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The funny thing about Speaking in Tongues, now on at the Belfry, is certain things stayed with me, though I have my issues with the play. I doubt the set design or costumes will win any awards if only because an apparent bias against modern costumes, and the set, while well designed, is nothing close to the spectacular piece of art seen last years in And Slowly Beauty (also at the Belfry). Still, the one thing I kept coming back to was how well the set and costumes suited the characters. Both these items made them seem familiar and mundane, but in a good way. There is a lot of drama in this play, some of it well done, some of it a little far fetched, but these characters are nothing special. They are ordinary people, living their ordinary lives, with a mixed degree of happiness. In short they feel real, and yet Speaking in Tongues suffers from an affliction that dogs many a prime time television drama; the so called normal-ness, or relatability, of its characters is undercut by the fact they experience certain events that are out of the realm of ordinary (or even plausible). I’m not referring to the second part of the play, which deals with a missing wife. Sadly, people go missing, and just because most of us, thankfully, never experience the loss of a loved one in that way, does not mean it doesn’t make for compelling drama. My real problem stems from how in trying to show we are all connected, it has certain characters meet up at certain times, or engage in certain relationships, that asked more of my suspension of disbelief than I was willing to partake. It veers a little too close to soap opera, and it’s to the show’s detriment.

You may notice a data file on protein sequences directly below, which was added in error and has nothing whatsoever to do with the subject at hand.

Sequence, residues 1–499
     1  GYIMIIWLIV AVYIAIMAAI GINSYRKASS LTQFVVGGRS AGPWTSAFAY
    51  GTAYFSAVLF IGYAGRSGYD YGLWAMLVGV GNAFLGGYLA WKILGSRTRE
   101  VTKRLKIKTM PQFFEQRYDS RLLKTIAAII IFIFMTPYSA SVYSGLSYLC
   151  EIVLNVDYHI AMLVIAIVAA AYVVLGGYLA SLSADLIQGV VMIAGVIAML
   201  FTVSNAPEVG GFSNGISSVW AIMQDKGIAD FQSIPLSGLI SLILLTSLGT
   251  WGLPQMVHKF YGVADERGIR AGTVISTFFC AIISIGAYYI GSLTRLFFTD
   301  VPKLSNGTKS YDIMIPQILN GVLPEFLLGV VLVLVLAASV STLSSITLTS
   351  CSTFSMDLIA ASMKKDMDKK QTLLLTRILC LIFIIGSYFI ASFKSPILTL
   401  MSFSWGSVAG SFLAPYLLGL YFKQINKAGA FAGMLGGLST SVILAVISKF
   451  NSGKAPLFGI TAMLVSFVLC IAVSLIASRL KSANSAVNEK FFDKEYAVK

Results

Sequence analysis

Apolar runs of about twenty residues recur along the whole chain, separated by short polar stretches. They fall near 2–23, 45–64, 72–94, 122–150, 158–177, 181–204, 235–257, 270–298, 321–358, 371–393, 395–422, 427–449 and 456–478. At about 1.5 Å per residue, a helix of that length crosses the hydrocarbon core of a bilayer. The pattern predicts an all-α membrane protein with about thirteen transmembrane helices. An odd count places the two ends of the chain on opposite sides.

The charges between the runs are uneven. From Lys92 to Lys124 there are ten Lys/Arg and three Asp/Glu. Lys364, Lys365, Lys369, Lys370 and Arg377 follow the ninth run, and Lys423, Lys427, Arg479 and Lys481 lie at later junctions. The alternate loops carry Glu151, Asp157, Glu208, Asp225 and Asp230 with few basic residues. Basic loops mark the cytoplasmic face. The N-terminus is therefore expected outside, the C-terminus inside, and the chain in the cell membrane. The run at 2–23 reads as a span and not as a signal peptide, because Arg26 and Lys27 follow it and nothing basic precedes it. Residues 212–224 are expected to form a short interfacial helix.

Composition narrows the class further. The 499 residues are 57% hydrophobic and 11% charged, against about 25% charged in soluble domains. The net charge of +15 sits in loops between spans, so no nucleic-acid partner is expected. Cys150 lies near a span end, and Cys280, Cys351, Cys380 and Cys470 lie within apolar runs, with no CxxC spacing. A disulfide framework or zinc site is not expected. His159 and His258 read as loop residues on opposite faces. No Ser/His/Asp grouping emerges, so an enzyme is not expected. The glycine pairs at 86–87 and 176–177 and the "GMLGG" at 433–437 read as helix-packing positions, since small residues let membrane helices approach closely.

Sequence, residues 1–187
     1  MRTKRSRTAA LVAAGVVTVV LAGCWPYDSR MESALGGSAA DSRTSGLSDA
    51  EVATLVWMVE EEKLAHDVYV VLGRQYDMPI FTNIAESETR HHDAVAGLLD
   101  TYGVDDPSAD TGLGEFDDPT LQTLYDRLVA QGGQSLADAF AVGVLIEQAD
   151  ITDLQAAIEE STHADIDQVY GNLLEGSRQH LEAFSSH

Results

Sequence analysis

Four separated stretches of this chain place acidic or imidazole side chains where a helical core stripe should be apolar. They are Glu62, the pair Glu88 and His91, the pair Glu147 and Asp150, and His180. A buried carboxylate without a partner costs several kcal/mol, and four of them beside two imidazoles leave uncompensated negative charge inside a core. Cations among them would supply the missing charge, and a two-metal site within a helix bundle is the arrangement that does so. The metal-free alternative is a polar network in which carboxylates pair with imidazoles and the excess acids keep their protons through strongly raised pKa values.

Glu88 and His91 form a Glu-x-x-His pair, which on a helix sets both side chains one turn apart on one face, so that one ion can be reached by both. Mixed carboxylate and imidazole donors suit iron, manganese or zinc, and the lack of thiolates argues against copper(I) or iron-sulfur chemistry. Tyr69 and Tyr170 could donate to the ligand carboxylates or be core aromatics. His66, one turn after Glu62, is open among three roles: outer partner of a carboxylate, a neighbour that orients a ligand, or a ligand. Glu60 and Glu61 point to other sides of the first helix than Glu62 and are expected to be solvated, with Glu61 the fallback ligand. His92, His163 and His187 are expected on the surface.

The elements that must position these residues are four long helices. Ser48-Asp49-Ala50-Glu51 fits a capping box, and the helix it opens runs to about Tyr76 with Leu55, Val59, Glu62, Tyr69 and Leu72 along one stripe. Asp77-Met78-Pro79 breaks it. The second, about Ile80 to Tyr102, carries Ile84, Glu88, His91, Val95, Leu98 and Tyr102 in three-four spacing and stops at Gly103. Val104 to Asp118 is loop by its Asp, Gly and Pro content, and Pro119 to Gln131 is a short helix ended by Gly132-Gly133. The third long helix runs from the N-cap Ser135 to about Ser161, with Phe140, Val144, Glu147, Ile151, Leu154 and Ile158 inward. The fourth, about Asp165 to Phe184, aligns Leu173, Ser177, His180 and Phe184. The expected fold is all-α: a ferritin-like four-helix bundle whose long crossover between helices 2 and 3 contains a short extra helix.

I’m being intentionally vague about specifics, in part because the fun of this show is discovering how all the characters, -ten in total, played by four actors – connect to one another. I knew nothing about this play going in, and though I have since learned you can easily find out how John of the second act, connects to Pete of the first, all I can say is it’s best to avoid the synopsis in the program and let it unravel naturally before you. I liked how there were parts the actors intentionally spoke over one another, and even delivered the same lines. Most of the play has different scenes playing out concurrently, which was surprisingly easy to follow, and helped to highlight the relationships each character had to one another. At times, it was genuinely funny to see two very different characters deliver the same lines (they’re not so different after all) but the ending is weak. It plays into the whole idea of it ultimately being better to trust those around us, even strangers, though people by their nature are bound to hurt one another, but asking me to believe a particular connection between three of the second act characters seemed lazy and melodramatic. Something akin to a plot device on Grey’s Anatomy, rather than a stellar play.
None of this play would have worked if not for the actors involved, who all turn out solid work. I can only imagine how intentionally stepping on each others lines might be a little frazzling, and that perhaps is why at times I felt a little lacking in energy or flow, but each manage to make smooth transitions between their various and sometime disparate characters. If the woman of the show, particularly Yanna McIntosh as Sonja and Valerie, tended to outshines the men slightly, I think it had more to to with the fact their characters were more interestingly written.
Overall I’d say the play is saved from itself by what manages to be a strong production, not the first time I’ve seen this at the Belfry. Also, OH MY GOD! That’s the woman from Murdoch Mysteries.
Review by Elizabeth Marsh
Speaking in Tongues runs at The Belfry until Feb. 24
Tickets at belfry.bc.ca or 250-385-6815